▶ ‘Film’ starring Kim piques imaginations.
In his pitch Tuesday to persuade North Korean leader Kim Jong-un to abandon nuclear weapons, President Trump called upon his experiences as a casting director, real estate developer and, perhaps, a bluffer in negotiations.
Mr. Trump, who starred in his long-running television show “The Apprentice,” cast Mr. Kim as the star of his own film, a four-minute video from Destiny Pictures that was similar in presentation to a movie trailer in the U.S. — narrated, with a musical score.
The president showed Mr. Kim the video, which depicted the North Korean leader and Mr. Trump as two men who could change the course of history.
Mr. Kim and several members of his delegation viewed the video, translated into Korean, on an iPad as the talks concluded.
It showed the two leaders on equal footing: “Two men, two leaders, one destiny.”
“There comes a time when only a few are called upon to make a difference,” the narrator intones. “The question is, what difference will the few make?”
The video contrasts images of a bleak, poverty-ridden society with photos of a prosperous, advanced culture that enjoys skyscrapers and high-speed trains.
“It captures what could be done [in North Korea],” Mr. Trump said. “It has the potential to be a great place. That could very well be the future. And the other alternative is just not a very good alternative. But I showed it because I really want him to do something.”
The video shows images of warplanes and artillery. The narrator says there can “only be two results” — moving backward or moving forward. The narrator says of Mr. Kim, “Will this leader choose to advance his country and be part of a new world? Be the hero of his people? Will he shake the hand of peace and enjoy prosperity like he has never seen?”
“I think he loved it,” Mr. Trump said. “About eight of their representatives were watching it, and I thought they were fascinated.”
Mr. Trump also knows real estate, and in his high-stakes talks about North Korea’s future, he emphasized: location, location, location.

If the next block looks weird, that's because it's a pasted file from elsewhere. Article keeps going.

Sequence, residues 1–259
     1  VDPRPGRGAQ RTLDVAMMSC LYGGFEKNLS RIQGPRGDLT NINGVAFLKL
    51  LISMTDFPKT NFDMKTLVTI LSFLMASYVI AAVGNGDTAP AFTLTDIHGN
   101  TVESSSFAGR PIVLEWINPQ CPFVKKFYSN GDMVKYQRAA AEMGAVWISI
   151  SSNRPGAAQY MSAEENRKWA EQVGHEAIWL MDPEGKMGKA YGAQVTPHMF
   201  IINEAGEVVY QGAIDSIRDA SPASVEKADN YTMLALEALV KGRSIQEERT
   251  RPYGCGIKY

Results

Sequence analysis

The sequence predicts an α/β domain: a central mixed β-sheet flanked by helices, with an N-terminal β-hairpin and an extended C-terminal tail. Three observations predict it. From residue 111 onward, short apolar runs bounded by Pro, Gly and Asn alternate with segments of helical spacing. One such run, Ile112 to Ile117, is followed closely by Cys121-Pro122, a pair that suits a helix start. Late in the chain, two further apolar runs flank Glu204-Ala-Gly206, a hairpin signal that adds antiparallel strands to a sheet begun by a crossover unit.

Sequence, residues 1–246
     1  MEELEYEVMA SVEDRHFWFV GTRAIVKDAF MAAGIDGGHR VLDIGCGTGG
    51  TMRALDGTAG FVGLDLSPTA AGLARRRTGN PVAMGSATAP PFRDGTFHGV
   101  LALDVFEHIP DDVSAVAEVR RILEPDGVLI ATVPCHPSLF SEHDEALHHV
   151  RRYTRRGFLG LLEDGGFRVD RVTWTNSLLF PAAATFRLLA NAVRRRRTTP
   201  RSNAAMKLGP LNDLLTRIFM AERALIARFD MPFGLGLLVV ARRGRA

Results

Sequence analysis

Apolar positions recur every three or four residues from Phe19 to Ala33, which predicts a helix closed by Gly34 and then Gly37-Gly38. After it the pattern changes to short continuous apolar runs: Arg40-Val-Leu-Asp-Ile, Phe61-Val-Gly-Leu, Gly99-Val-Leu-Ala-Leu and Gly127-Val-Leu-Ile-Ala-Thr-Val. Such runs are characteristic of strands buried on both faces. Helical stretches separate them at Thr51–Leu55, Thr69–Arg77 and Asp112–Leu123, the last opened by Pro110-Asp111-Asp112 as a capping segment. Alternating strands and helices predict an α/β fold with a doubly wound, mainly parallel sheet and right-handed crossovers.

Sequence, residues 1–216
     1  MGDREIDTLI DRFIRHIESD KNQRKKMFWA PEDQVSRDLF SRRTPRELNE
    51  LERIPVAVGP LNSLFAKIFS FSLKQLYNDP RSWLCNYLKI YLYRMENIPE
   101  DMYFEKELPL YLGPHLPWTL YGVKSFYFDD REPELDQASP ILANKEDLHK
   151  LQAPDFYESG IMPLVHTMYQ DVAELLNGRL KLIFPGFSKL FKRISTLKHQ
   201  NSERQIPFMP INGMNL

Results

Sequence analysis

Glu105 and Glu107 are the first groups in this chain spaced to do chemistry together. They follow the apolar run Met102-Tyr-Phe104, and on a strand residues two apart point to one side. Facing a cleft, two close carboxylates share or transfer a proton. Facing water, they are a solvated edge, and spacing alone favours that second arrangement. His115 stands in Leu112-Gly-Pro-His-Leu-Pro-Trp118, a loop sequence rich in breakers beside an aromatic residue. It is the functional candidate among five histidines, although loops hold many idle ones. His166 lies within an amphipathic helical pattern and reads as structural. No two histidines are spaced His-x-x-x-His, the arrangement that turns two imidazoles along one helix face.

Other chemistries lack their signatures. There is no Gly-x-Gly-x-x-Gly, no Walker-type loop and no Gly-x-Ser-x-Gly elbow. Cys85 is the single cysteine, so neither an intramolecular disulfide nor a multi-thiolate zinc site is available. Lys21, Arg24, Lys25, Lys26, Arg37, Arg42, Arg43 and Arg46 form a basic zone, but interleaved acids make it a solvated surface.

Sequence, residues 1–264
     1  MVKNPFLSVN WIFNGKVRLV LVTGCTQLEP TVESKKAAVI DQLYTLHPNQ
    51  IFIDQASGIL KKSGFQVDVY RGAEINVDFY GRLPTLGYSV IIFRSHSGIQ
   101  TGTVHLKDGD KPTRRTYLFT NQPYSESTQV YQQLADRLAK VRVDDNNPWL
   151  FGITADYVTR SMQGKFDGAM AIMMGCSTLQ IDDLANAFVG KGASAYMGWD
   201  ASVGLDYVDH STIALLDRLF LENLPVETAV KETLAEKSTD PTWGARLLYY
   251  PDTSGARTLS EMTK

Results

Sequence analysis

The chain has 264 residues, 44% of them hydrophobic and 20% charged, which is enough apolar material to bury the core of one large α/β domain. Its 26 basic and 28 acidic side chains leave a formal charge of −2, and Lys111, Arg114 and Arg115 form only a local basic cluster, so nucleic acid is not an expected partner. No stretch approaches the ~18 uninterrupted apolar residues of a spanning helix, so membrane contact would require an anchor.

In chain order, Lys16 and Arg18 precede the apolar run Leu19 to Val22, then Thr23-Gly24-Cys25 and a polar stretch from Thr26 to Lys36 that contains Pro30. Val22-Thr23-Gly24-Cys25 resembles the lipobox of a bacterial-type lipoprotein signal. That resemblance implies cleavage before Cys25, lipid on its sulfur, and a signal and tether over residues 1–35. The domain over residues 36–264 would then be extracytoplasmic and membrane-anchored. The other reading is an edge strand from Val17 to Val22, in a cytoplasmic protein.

In the video and in conversation, Mr. Trump pointed out the opportunities for development if North Korea joins the community of nations and opens its doors to investors.
“It’s going to be up to the people what they want,” he said. “As an example, they have great beaches. You see that whenever they’re exploding their cannons into the ocean, right? I said, ‘Boy, look at that place. Wouldn’t that make a great condo?’ And I explained it, I said, ‘Instead of doing that, you could have the best hotels in the world right there.’”
He said North Korea’s location is ideal. “Think of it from a real estate perspective,” Mr. Trump said. “You have South Korea. You have China, and they own the land in the middle. How bad is that, right? It’s great. But I told him, I said, ‘You may not want to do what’s there. You may want to do a smaller version of it and that could be.’ Although, I tell you what, he looked at that tape. He looked at that iPad, and I’m telling you they really enjoyed it, I believe.”
As far as bluffing, it’s not clear what Mr. Trump is or isn’t willing to do militarily. But he told Sean Hannity of Fox News that there was a method to his “fire and fury” madness with North Korea.
Mr. Trump said he is certain his warlike rhetoric last year against Mr. Kim persuaded the North Korean leader to negotiate over giving up his nuclear weapons.
“I think without the rhetoric, we wouldn’t have been here,” Mr. Trump said. “I really believe that.”
As North Korea was conducting multiple missile tests last year and threatening to attack the U.S., Mr. Trump responded with rhetoric that was unusually aggressive for a U.S. leader. He taunted Mr. Kim as “little rocket man” and warned that the U.S. would “totally destroy” North Korea.
“I hated to do it,” Mr. Trump told Mr. Hannity. “Sometimes I felt foolish doing it. But we had no choice.”
He said previous administrations “had a policy of silence.”
“If [North Korea] said something very bad and very threatening, even horrible — just don’t answer,” he said of previous administrations. “That’s not the answer. That’s not what you have to do. We did sanctions and all of the things you would do, but without the rhetoric … we wouldn’t have been here.”